While I fully understand ALL of the Board Certification’s numerous rules and regulations to maintain our certification, I must admit that getting Continuing Education credits can be a drag. The board is very particular about who delivers the education, how you record your hours, blah blah blah. So, I always go to conferences with a large dose of dread due to this administrative nightmare, but usually tell myself, “Hey, you will learn at least ONE new thing.”
A few weeks ago myself and a colleague attended the Pennsylvania Applied Behavior Analysis conference in Hershey, PA. My colleague and I decided to do our “due diligence” and we chose to go to two separate talks so we could get as much as possible out of the conference. I went in to the fancy hotel conference room, squeezed myself in between two people (with a table leg right where I was trying to sit) and hunkered down for the 3 hour talk. I had never heard of Linda LeBlanc before, and I was not necessarily intrigued by the title of the talk: Selecting Function-Based Treatments for Socially Maintained Problem Behavior.
But… she had me from the start. She first showed several lovely composite analyses (this is a study to reports the findings of other studies) that show that the most frequent function of behavior was escape. So, that already had my wheels spinning and told me that I might want to look at new behaviors and cases through a slightly different lens. Then, she launched into a part of her talk that was particularly salient for me due to a previous position where I was responsible for supervising many people, which is that one is always taught how to implement these extreme detailed and scientific behavior analytic procedures, but we are NEVER taught how to choose the correct procedure!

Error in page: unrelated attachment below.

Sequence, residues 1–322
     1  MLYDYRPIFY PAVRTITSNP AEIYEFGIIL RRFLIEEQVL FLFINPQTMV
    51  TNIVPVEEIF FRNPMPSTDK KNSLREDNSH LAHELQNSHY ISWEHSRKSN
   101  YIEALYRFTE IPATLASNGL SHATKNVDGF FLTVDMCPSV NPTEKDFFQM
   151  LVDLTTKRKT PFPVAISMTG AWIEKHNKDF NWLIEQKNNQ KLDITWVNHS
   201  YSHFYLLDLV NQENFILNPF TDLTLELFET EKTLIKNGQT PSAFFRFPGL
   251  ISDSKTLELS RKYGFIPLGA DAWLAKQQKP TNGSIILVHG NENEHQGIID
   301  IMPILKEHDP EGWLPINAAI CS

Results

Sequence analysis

**Cue angels singing** Dr. Leblanc and her team have developed an algorithm to help the BCBA choose an optimal path to intervention. While the details of this algorithm are quite complex, and of course, very difficult to narrate on a blog, the algorithm is really quite simple and easy to use. What I liked most about these algorithms is that they can be used as a tool for a BCBA to show the client both a short term and long term plan. She also shared that this helped with client buy-in because the client can actually SEE it, instead of just hear it (often in a description riddled with jargon) and then sit back and wait for it all to go down.
I am very excited to use this tool to help me better communicate with my clients regarding the most optimal path to intervention. I think this will help to eliminate a lot of the confusion that surrounds a lot of behavior plans. In addition, I know that sometimes parents feel that they have to take a “leap of faith” and I hope that this algorithm will help to quell some of these fears.
For these reasons, I want to KISS Hershey, Pennsylvania!